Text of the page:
While he’s best known for his time in Houston, O’Brien also spent some time in the collegiate ranks. Back in 2013, O’Brien faced the unenviable job of coaching Penn State right after the sex abuse scandal. O’Brien handled the transition with aplomb while guiding Penn State to a 15-9 record over his two seasons at the helm. Ultimately, he’s a good-but-not-great coach that simply took on more than he could handle in Houston.

Josh McDaniels

Josh McDaniels had an absolutely terrible run away from New England and might just be the worst product of the Bill Belichick coaching tree. Hired by the Denver Broncos at the young age of 33, McDaniels started his head coaching career with some quarterback controversy. McDaniels reportedly preferred Matt Cassel to Jay Cutler, and tried to orchestrate a three-way trade involving the quarterbacks. While that trade fell through, Cutler lost trust in McDaniels and demanded another trade. On April 2nd, the Broncos traded Cutler for Kyle Orton and a variety of picks.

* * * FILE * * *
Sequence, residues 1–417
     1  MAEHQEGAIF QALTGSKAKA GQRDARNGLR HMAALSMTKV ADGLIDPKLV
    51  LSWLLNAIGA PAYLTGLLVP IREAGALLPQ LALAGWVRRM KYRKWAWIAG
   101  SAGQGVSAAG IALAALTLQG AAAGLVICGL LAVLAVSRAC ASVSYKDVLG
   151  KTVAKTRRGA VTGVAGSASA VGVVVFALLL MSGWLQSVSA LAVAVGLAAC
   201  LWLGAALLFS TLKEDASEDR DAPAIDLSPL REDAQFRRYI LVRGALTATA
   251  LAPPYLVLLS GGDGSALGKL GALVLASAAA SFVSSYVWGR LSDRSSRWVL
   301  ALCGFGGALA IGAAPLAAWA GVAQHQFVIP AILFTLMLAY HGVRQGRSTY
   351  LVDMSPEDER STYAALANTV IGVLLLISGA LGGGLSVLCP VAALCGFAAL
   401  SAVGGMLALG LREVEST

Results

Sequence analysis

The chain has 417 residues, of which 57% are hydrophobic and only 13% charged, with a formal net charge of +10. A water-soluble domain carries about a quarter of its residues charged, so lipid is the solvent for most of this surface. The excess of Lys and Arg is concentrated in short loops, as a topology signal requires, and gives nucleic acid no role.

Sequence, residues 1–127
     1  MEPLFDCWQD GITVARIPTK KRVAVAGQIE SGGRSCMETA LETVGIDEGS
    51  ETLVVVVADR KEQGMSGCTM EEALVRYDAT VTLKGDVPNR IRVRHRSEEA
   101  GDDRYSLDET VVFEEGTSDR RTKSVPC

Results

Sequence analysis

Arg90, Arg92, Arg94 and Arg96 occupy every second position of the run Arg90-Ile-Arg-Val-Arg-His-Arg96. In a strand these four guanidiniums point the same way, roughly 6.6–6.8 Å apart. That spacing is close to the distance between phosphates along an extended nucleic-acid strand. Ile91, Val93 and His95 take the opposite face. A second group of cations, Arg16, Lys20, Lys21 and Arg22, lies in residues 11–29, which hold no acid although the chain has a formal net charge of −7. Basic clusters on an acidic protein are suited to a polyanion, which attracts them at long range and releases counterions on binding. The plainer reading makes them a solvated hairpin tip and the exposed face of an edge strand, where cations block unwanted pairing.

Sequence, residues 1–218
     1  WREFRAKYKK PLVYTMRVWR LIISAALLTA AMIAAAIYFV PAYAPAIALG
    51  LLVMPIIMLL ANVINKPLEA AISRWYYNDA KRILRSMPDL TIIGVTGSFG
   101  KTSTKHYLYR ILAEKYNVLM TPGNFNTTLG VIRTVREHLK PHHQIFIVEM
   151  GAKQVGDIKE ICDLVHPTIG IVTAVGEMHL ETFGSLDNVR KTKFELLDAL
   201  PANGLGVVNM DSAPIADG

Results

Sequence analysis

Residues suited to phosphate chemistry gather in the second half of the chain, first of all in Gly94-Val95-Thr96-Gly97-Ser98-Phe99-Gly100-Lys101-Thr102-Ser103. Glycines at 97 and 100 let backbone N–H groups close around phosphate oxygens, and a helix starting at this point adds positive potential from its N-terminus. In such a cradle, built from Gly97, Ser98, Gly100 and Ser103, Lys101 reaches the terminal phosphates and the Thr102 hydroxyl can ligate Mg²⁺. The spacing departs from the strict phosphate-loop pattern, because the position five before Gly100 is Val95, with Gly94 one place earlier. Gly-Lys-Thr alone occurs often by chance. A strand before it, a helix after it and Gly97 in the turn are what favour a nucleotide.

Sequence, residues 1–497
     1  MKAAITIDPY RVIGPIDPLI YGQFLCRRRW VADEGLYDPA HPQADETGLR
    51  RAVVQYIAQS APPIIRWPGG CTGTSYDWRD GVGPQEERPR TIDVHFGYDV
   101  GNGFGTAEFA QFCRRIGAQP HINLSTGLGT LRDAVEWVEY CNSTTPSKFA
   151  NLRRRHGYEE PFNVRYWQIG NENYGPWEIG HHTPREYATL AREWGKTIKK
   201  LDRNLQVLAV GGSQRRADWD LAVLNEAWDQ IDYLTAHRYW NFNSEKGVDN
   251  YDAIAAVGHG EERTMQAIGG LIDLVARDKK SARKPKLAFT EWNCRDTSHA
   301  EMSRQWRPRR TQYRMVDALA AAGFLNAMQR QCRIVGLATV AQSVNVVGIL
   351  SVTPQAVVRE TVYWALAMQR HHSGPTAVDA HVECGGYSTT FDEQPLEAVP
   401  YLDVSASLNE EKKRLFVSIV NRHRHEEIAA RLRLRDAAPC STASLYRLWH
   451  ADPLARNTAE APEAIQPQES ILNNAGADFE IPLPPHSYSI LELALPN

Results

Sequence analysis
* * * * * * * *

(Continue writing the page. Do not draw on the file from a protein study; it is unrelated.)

The drama didn’t end there, however. The Broncos fell apart after a 6-0 start to the season, finishing at 8-8 while missing the playoffs. McDaniels traded star wide receiver Brandon Marshall in the offseason before guiding the Broncos to a 3-9 record in 2010. The Broncos ultimately parted ways with McDaniels following a videotaping scandal.

McDaniels spent the 2011 season as the offensive coordinator for the St. Louis Rams. The offense finished at or near the bottom in every major statistical category, although it’s worth noting that starting quarterback Sam Bradford missed the vast majority of the season to injury. Following that tumultuous campaign, McDaniels returned to New England and has remained there ever since.